Thought Box

Count your blessings: name them One by One

Count your blessings: name them One by One

by Aroona Bhat April 16 2020, 12:58 pm Estimated Reading Time: 5 mins, 6 secs

Roads utterly empty, except for a stray vehicle here and there, I proceeded to drive towards the vet’s clinic. Lucy Diamond needed to see him that very morning and I managed to get an 11am slot from him. By the time we had reached his clinic, this little brat of mine was perfectly fine. Considering the vet is good looking and everyone of his patients ‘mothers’ & ‘Grandmothers’ have a crush on him, including my mother in law, who swears to follow him to the other end of the earth, I am quite certain that Lucy Diamond too wanted to break her quarantine, locked down at home status and be seen with him. 

Post being told that she was a good girl, a sweet many times by the handsome vet, we hopped into the car to head home. I just got in from the drivers side and just as I was settling in, I heard a knock on my window. An absolutely old lady, no mask, just a sari on her and her head covered to keep away the immense heat that has already hit Ahmedabad. On top of her head, was a little bundle, also wrapped in an old cloth? I figured that was what we would typically call “Bori Bister.” I partially lowered the window and asked her how I could help her. She could barely speak and appeared very parched. I gave her a small bottle of water that we had carried for Lucy Diamond. She gratefully took it from me; wet her lips with just a little water. I suggested to her to drink up. She said she couldn’t as her husband was sitting under a tree in the middle of the divider and pointed out to him. 

A few more minutes into our conversation, I figured it all. They are daily wage workers in one of the construction sites and so are her kids. Her four sons had walked back to their village in Rajasthan after the parents assured them that they would manage. But they clearly could not. I asked her where they were staying, and she said “we are moving and walking about so someone can take pity on us and take us home too.” I broke the news to her. I told her that that would not be possible for a few days at least. Obviously the Prime Minister’s speech was never ever going to be heard by people like her. Nor where they’re any one who would or could tell them about it and guide them. Their only possible source would have been their sons, but they were long gone.

I asked her to go and sit with her husband and we went off to the closest supermarket and bought them ready to eat things like Khakras and Bread, small tetra packs of juice that didn’t need to be refrigerated, water to drink and masks so that they would walk around once food we got them, got over. We even gave them some money and asked them to be safe.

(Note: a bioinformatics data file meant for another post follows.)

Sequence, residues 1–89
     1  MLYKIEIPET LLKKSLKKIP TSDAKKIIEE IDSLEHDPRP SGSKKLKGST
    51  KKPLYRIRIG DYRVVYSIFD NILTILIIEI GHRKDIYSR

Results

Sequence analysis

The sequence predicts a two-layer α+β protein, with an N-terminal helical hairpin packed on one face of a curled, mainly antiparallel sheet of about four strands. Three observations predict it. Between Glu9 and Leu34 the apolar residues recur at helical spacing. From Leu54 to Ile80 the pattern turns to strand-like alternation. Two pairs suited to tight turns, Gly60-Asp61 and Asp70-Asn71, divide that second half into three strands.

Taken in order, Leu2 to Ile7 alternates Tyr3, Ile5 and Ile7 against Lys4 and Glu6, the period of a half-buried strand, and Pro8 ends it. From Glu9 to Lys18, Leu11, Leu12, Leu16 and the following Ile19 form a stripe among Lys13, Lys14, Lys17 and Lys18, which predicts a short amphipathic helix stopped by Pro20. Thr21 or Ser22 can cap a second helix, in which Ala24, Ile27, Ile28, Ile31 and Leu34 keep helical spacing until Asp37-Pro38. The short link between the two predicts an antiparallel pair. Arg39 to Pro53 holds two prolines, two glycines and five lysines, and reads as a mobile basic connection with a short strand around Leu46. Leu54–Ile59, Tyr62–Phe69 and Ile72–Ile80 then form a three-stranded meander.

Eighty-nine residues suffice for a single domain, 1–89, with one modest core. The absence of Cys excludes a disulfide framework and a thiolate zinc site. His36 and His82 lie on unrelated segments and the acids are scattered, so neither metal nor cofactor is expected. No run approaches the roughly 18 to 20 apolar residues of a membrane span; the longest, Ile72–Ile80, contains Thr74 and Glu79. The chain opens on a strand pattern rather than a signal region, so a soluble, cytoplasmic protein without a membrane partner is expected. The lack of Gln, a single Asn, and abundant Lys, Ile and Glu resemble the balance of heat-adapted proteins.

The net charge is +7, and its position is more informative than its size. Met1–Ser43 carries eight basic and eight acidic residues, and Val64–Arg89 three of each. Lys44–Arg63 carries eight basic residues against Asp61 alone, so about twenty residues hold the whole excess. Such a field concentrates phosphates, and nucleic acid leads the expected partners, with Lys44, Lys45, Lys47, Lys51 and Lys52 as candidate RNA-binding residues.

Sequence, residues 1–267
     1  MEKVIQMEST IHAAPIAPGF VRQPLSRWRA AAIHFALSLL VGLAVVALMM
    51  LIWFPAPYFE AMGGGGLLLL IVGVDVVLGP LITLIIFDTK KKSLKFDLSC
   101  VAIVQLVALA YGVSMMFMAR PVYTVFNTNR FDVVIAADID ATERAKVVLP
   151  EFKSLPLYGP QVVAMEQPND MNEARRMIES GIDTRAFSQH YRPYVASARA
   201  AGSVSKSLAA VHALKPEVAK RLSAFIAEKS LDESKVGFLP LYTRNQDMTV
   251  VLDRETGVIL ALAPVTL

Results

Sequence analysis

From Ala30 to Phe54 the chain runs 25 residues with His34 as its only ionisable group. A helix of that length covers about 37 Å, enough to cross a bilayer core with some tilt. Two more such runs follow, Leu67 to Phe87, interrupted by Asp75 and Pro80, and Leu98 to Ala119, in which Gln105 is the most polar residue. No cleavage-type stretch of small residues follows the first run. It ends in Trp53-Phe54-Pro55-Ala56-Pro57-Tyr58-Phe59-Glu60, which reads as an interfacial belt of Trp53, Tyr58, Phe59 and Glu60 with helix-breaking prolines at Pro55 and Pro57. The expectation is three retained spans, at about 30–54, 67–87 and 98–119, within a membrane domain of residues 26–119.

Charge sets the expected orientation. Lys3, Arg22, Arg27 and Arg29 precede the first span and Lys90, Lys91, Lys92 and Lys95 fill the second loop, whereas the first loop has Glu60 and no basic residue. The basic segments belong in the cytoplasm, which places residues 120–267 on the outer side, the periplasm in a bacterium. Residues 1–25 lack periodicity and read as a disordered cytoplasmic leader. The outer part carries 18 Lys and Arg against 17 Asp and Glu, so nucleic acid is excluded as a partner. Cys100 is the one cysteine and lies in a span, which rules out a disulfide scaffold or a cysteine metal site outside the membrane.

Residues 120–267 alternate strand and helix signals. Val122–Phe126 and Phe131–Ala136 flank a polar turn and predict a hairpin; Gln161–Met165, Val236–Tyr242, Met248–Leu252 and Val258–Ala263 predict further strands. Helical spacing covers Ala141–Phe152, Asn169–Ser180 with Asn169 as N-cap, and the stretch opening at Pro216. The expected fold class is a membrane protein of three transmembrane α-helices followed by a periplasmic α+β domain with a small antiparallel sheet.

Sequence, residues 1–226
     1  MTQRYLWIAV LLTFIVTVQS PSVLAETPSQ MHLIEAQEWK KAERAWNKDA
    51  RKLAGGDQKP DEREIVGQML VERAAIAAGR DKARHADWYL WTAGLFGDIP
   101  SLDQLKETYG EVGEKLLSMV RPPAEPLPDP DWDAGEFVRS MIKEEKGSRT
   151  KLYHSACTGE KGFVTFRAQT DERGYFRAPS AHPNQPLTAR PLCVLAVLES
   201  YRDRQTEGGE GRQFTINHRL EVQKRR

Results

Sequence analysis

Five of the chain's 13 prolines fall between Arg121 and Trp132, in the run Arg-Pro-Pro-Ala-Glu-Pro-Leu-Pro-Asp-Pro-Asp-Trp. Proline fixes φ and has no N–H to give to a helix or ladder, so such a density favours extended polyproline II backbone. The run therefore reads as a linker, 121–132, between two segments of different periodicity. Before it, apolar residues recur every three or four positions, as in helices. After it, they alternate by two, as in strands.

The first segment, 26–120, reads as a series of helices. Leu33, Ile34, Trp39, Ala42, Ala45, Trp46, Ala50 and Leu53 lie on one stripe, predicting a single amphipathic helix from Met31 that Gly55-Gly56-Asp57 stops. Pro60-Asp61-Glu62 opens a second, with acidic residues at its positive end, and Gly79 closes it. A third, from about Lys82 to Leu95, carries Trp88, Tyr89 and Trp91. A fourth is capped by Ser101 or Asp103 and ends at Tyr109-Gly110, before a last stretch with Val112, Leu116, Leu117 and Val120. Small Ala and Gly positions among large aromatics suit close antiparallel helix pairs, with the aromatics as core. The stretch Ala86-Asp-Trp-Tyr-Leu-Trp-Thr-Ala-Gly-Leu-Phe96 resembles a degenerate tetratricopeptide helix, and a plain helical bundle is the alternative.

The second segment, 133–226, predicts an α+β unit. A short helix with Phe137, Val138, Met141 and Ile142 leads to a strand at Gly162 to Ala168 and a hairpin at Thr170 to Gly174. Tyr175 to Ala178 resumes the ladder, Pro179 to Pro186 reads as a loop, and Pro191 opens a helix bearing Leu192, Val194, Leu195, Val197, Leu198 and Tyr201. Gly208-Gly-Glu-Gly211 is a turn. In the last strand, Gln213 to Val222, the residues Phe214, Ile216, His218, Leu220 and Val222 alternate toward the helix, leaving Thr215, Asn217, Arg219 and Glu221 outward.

We went back the next day to check on them and they were gone. I pray for them and hope they will be able to reunite with their children somehow given the further extension of the lockdown. 

From the very first day of the lockdown I was constantly talking about this very thing, the labor class that works for us, either for a monthly salary or the daily wageworkers. The PM’s addresses never seem to cover them at all. There was another set of people, about whom I never took anything at all seriously, despite various messages on Facebook and Whatsapp - people like you and me, people with resources. What was the point of worry you may ask, our mental well-being.

And I read about one such - You and me kind of person. I saw her post on Facebook, openly admitting that she had lost it this particular morning and was fortunate enough to reach out to her father who had the right wisdom and attitude to get her out of this situation. 

That took me straight back to another conversation I had had, with a neighbor who lives alone and seems to be surrounded in utter paranoia. She lives alone post her old mother’s passing. She couldn’t even get herself to come out of her locked home and step into mine in a situation where I desperately needed help. And I never knew her to be thus. 

Isolation has turned into fear and fear into paranoia. Escalated nervousness seems to be part of every one’s reactions. I dread to think what it must be doing to people with already existing preconditions like OCD, anxiety and high levels of stress. This invisible virus is also creating havoc amidst the elderly. Loneliness, helplessness seems to be their breakfast, lunch and dinner. While the whole world believes that the elderly need to spend their time with their grandchildren and interacting with others, so that they can fight loneliness, helplessness, anxiety and possibly depression too, here comes a situation where they cannot touch or feel the very beings that give them emotional stability. Just imagine that. 

For the rest of us, I hope this is a lesson. Watching the elderly and reading about what they may be going through, I hope will teach us a few things. Regardless of circumstances I hope we learn to take a moment to celebrate life, every now and then. If you feel you are slipping, then do what Jay Shetty advises you to – SPOT – STOP - SWAP. Spot when you are slipping, stop whatever the negative thought is and swap that for something positive. 

Like I was reading somewhere - Yesterday is not ours to recover, but tomorrow is ours to win or lose. 

Stay positive, Stay Kind, Stay compassionate and the universe will see you through. 

Disclaimer: The views and opinions expressed in this article are those of the authors and do not necessarily reflect the official policy or position of The writers are solely responsible for any claims arising out of the contents of this article.